Enrolment of children in clinical research: Understanding Ghanaian caregivers’ perspectives on consent/assent procedures, and their attitudes towards storage of biological samples for future use

Enrolment of children in clinical research: Understanding Ghanaian caregivers’ perspectives on consent/assent procedures, and their attitudes towards storage of biological samples for future use
Research Article
George O Adjei, Amos Laar, Jorgen AL Kurtzhals, Bamenla Q Goka
Clinical Ethics, 13 September 2020
Abstract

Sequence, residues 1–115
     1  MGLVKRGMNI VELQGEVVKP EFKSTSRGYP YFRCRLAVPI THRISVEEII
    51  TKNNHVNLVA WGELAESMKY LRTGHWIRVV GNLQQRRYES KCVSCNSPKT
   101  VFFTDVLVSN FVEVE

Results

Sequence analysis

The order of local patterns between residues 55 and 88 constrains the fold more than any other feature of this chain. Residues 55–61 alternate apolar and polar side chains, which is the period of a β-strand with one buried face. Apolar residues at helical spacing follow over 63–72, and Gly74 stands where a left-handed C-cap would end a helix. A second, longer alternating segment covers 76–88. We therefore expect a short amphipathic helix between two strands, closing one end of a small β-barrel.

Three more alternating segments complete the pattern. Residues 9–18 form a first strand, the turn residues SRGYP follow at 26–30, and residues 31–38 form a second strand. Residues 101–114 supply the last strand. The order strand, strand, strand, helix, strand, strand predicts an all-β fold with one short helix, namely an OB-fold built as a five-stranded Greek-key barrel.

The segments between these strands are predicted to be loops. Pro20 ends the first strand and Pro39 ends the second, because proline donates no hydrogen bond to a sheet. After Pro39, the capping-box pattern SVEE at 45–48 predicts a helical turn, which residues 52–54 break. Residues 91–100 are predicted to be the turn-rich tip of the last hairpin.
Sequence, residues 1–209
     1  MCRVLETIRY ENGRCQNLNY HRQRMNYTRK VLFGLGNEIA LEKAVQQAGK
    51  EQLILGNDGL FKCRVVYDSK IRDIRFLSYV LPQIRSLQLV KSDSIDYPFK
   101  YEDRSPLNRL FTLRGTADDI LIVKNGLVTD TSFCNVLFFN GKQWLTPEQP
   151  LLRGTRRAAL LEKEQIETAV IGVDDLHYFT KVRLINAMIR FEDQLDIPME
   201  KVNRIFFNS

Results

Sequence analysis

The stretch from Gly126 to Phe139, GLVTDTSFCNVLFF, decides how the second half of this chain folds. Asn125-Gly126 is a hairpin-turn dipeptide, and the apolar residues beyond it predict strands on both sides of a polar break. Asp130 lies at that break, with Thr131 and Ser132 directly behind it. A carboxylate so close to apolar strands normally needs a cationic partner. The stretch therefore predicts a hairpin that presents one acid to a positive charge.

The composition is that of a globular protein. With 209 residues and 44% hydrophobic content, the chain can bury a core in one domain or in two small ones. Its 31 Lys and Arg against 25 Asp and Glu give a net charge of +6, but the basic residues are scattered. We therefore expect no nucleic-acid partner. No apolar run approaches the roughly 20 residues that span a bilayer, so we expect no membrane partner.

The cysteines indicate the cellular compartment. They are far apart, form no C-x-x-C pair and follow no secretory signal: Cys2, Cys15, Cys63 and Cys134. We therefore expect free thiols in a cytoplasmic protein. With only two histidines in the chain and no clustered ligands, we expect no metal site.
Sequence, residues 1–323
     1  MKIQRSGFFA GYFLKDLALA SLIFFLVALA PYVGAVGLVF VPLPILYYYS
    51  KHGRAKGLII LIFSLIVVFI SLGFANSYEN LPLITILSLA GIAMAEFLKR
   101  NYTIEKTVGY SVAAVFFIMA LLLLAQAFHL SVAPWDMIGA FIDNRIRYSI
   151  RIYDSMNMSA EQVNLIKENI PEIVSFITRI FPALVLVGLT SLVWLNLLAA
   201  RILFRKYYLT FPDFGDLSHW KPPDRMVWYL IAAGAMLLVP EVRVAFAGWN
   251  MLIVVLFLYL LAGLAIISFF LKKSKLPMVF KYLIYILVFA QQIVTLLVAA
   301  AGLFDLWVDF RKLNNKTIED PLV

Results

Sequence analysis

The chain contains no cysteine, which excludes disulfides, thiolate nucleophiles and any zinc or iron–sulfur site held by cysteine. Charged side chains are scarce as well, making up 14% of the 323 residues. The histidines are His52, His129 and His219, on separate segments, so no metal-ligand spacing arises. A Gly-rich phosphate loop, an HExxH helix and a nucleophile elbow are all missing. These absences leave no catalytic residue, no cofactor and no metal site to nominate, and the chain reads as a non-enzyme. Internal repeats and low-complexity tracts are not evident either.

Child assent is recommended in addition to parental consent when enrolling children in clinical research; however, appreciation and relevance ascribed to these concepts vary in different contexts, and information on attitudes towards storage of biological samples for future research is limited, especially in developing countries. We assessed caregivers’ understanding and appreciation of consent and assent procedures, and their attitudes towards use of stored blood samples for future research prior to enrolling a child in clinical research. A total of 17 in-depth interviews were conducted with primary caregivers of children (fathers [n = 3], mothers [n = 12], and grandmothers [n = 2]) at enrolment or on the immediate follow-up date. All caregivers recalled significant amount information from the study information sheet and were able to appropriately link such information to the consent process. While all participants confirmed information received prior to blood sampling as adequate, a few noted that the purpose was not sufficiently well communicated. Caregivers felt children were cognitively vulnerable, and prone to decisions that were not necessarily in their best interest. Nearly all caregivers felt it was their right and responsibility to overrule objections from their ward’s regarding enrolment into specific study or receipt of a therapeutic procedure. There were no objections or concerns regarding use of stored biological samples for future research purposes. There is thus, a need to improve understanding of caregivers on the information provided during the informed consent process. Context-specific studies on the age of assent in specific populations are needed.

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